Hundreds of people were in on hand at Silo City Thursday night as part of the Congress for a New Urbanism. The event was surrounded by the city's past and present.
With Ohio Street essentially closed for its conversion into a parkway, the party area surrounded by grain elevators wasn't easy to reach.
Many made it.
They had a chance to tour some old grain mills. The industrial nature of the area was on display as a nearby freight train assembled a long line of empty grain cars.
For Tapestry Charter second-grader Kameron, it was a chance to see the Buffalo River he hadn't known much about until he did his study of how to clean water.
"We resurfaced the Buffalo River by planting plants right there so they can clean up all the water and stop polluting water."
Kameron was one of many Tapestry kids showing their projects about the environment and the waterfront to visitors to the party sponsored by the Congress and the Campaign for Greater Buffalo.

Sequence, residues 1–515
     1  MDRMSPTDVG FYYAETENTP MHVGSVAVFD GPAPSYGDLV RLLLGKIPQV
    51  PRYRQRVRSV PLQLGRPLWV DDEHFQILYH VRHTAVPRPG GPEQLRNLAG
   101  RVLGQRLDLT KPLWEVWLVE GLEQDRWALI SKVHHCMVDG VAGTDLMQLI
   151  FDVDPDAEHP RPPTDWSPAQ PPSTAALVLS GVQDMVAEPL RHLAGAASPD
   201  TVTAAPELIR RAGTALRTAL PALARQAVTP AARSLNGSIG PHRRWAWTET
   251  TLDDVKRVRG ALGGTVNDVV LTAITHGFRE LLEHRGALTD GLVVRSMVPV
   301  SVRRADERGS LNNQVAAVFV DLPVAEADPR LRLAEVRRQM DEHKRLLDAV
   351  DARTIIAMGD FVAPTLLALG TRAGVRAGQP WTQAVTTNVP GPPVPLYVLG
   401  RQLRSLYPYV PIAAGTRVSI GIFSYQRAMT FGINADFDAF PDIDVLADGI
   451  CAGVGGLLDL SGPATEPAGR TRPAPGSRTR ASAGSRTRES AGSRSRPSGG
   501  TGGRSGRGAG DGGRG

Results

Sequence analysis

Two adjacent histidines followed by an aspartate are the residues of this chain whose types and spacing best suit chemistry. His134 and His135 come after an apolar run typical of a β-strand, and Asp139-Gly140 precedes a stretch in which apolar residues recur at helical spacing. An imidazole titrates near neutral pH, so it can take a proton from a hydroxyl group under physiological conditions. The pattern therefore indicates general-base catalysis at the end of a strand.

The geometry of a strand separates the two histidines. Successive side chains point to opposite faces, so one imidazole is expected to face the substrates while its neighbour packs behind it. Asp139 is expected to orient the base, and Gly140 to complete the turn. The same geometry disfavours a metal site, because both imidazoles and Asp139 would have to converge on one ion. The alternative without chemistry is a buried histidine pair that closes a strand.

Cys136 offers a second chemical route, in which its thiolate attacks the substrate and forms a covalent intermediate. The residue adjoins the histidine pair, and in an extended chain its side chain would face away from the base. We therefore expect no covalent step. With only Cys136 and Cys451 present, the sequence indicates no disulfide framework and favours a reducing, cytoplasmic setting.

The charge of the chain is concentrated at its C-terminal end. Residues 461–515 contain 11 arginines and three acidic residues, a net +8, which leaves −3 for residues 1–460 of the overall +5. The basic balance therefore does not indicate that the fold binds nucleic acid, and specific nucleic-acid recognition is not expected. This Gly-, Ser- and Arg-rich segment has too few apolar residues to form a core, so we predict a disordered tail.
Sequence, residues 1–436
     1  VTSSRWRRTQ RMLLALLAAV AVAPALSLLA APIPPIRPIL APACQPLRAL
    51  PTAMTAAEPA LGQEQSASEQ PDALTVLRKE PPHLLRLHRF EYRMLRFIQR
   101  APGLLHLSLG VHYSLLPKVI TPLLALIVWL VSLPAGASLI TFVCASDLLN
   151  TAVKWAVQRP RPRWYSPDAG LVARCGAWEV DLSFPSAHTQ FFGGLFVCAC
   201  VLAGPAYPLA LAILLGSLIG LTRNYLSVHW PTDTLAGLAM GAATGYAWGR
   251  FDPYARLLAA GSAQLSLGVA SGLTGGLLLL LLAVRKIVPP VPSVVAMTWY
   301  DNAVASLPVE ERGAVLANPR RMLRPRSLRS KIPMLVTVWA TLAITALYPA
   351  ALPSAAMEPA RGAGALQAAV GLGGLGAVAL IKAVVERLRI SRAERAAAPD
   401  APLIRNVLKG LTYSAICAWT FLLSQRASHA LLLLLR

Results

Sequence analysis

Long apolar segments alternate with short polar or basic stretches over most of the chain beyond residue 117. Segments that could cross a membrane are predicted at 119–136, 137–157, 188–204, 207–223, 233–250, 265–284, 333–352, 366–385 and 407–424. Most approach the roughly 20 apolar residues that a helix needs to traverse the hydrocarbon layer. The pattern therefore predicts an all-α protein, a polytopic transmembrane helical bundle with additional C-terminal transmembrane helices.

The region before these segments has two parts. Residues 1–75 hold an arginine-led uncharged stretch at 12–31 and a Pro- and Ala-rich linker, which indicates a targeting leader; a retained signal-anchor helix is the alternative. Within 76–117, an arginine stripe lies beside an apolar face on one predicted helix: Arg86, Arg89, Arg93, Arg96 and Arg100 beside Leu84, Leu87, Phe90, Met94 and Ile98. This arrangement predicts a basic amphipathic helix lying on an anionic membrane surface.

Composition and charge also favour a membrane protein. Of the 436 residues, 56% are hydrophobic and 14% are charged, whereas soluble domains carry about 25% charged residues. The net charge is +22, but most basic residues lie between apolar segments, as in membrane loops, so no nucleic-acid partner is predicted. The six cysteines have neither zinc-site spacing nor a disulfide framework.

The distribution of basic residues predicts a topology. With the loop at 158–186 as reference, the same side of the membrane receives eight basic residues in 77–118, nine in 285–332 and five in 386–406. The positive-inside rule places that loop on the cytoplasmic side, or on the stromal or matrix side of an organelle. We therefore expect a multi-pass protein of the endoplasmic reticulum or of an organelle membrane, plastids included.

"Buffalo has tremendous assets," said Nathaniel Hood,a transportation planner from St. Paul, Minnesota
"You can see the history in Buffalo, in the architecture as you're walking around any street in Downtown and it tells a story. And, I think it's a beautiful story."
Like Buffalo, St. Paul has many working grain elevators; others have been transformed into museums.
The St. Paul rail and transportation system has been boosted by a $250 million federal grant that improved its passenger train station.